Importance of vaccinating your cat
Vaccinations are an important part of your cat’s health care routine. Modern vaccinations can protect your cat against a number of fatal diseases and are a small cost to keep your feline friend fit and healthy. It is one of the easiest ways to help them live a long and healthy life. Sometimes cat owners are concerned about side effects of vaccinating their cat, but these tend to occur only in extremely rare cases.
What are vaccines?
Vaccines prepare the body’s immune system to fight with disease- causing organisms. These contain antigens, which look like the disease- causing organism to the immune system, but don’t actually cause disease. When vaccine is introduced to the body, the immune system is slightly activated. Therefore, after having vaccine if a cat met with the disease, his immune system would be prepared to recognize and fight with it.
A vaccine is usually given by an injection under the skin, although sometimes may be given as drops into the eyes or nose.
How often should cats be given a vaccine?
During the first few hours after birth, kittens ingest maternal antibiotics that are contained in their mother’s milk. These antibiotics protect the kitten from diseases, till its own immune system becomes mature. But by twelve weeks this becomes fairly weak. It is therefore important that they receive their initial vacations at this time to ensure continued protection against diseases.
Does an adult cat need to be vaccinated every year?
This depends on the type of vaccine. For example, many feline rabies vaccines provide protection for longer than one year. Therefore vacation with a triennially approved rabies vaccine every three years is sufficient.
Types of vaccines: Core and Non core
There are two types of vaccines: Core and Non- core. The Core vaccines are important for all cats as they protect them from the widespread of diseases. Non- core vacancies are given if there is any genuine risk of exposure of infection. Decisions regarding requirement of vaccines is based on the cat’s age, lifestyle and contact with other cats. You should always discuss with your vet about what kind of vaccines your cat require.
In which diseases Core vaccines are required?
- Feline panleucopenia- This is a highly and deadly viral disease. Signs include fever, vomiting and loss of appetite. This virus is shed in the feces of an infected cat and can bear extremes of temperature and humidity for months to years. This is also resistant to most available disinfectants. Therefore vaccination is the only way to protect cats.
- Feline herpes virus and feline calicivirus - Vaccines for this virus are always combined, as these two viruses together are the main causes of upper respiratory tract infections in cats. Sneezing, runny eyes, runny nose, and fever are the most typical signs of infection. The viruses are often transmitted by direct or close contact between cats. Although vaccination does not always prevent infection with these viruses, it will help greatly reducing the seriousness of disease if a vaccinated cat does become infected.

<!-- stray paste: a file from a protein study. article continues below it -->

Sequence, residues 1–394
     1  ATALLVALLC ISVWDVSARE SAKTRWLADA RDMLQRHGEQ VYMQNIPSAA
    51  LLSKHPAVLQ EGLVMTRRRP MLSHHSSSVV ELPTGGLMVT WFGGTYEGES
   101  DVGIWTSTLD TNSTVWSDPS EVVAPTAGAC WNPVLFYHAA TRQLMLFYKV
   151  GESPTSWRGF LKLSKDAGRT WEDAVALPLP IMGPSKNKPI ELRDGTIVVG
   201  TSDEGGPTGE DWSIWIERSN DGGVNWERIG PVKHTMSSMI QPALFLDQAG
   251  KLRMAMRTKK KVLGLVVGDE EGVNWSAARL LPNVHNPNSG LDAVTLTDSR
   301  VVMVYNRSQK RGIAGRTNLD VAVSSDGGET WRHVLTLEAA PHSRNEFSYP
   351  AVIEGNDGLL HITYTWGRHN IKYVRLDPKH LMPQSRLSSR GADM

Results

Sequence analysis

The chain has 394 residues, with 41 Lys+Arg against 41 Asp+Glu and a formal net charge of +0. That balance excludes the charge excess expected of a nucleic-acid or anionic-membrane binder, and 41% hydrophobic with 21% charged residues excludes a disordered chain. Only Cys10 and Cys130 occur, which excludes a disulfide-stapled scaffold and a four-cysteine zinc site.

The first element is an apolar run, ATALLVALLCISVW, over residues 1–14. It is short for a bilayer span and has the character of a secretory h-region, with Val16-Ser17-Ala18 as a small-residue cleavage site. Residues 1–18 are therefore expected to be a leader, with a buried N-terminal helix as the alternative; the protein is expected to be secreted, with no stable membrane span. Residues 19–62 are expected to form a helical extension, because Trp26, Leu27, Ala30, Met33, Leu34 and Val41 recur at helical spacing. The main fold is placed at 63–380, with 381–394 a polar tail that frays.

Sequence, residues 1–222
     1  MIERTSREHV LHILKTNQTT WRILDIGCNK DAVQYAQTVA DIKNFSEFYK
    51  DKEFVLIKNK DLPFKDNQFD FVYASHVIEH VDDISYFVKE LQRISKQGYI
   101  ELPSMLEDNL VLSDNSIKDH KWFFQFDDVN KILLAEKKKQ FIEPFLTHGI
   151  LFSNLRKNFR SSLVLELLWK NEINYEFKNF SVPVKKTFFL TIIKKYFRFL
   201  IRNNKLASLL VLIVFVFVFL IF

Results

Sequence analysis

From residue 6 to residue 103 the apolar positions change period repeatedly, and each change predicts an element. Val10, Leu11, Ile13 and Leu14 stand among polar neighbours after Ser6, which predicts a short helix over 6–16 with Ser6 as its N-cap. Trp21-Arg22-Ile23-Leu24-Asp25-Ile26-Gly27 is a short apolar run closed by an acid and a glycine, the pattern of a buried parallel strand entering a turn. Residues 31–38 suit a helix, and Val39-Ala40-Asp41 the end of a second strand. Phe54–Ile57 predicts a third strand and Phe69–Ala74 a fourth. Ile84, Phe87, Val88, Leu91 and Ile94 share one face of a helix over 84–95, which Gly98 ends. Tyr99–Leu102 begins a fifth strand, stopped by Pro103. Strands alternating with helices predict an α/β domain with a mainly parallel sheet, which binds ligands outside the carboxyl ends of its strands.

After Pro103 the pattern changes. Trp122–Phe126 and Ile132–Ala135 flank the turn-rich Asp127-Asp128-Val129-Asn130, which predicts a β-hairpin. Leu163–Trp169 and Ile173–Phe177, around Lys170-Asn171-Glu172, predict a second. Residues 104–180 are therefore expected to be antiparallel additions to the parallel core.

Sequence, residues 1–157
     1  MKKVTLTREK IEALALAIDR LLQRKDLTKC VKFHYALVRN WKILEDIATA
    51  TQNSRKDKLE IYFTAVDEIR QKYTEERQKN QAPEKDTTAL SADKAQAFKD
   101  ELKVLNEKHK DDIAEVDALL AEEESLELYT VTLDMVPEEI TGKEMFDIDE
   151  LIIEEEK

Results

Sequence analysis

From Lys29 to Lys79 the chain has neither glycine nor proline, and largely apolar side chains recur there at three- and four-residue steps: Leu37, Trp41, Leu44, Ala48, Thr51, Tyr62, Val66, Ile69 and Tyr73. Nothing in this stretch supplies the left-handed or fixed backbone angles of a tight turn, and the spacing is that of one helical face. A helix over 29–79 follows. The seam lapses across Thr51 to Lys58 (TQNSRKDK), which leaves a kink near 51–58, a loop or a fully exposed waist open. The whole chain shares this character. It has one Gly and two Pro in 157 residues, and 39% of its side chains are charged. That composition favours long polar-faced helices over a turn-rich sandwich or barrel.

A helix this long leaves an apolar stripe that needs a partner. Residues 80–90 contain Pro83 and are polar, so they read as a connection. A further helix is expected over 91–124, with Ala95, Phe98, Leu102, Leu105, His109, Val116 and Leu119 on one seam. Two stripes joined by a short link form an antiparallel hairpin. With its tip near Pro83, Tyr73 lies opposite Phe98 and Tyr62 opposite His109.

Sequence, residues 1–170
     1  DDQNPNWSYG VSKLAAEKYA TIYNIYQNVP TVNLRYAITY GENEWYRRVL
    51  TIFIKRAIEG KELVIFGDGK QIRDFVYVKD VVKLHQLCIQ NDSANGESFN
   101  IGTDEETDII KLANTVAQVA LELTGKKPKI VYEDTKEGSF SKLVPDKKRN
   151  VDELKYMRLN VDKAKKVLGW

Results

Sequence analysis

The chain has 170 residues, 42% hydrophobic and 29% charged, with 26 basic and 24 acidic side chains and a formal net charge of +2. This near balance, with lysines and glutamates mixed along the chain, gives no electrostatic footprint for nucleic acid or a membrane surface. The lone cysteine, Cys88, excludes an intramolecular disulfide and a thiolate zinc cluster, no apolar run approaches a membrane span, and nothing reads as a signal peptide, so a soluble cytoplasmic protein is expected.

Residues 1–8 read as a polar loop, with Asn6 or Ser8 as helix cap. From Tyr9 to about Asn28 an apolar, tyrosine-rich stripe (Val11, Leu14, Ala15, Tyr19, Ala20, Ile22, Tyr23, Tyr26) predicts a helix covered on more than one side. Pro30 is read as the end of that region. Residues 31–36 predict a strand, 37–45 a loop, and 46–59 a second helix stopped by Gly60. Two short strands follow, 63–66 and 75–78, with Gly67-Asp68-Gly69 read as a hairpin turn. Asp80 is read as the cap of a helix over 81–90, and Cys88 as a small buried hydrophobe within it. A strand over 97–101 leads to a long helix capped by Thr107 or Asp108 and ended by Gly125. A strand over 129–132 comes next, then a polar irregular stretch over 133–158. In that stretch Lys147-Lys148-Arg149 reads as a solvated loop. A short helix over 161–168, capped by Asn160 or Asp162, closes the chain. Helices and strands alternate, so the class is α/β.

- Rabies- Rabies is an increasing threat to cats. Because of the potential for human exposure, rabies vaccination is recommended for all cats. Vaccination is very effective in preventing disease.
In which diseases are Non- core vaccines are required?
- Feline leukaemia virus- This is a leading viral killer of cats. The virus is spread in the saliva and nasal secretions of infected cats; infection is transmitted through contact with infected cats and from an infected mother cat to her kittens. It has been strongly recommended that all kittens should be vaccinated against FeLV on the basis that younger cats are more susceptible to this infection andit cannot usually be predicted what the risks for the cat would be as it grows up.
- Chlamydophila felis- It is caused by the bacteria. The bacteria are transmitted through direct contact with an infected cat, and the highest rates of infection are in cats between five weeks and nine months of age. Affected cats can be treated successfully with proper antibiotics, but vaccination may be helpful in some circumstances.
- Bordetella bronchiseptica- It is another bacterial infection that can be part of upper respiratory infection complex in cats. This can sometimes be a problem in stressed cats and cats from large colonies. Cats with this bacterium can be treated with proper antibiotics and vacation is not required in many cats. But in colonies of cats with repeated outbreaks of disease, vaccination can play an important role.
- Feline immunodeficiency virus- This virus is common in cats that go outdoors and are involve in fighting. Infected cats may appear normal for years. However, infection eventually leads to a state of immune deficiency that hinders the cat's ability to protect itself against other infections.Vaccination provides a valuable degree of protection to cats for this disease.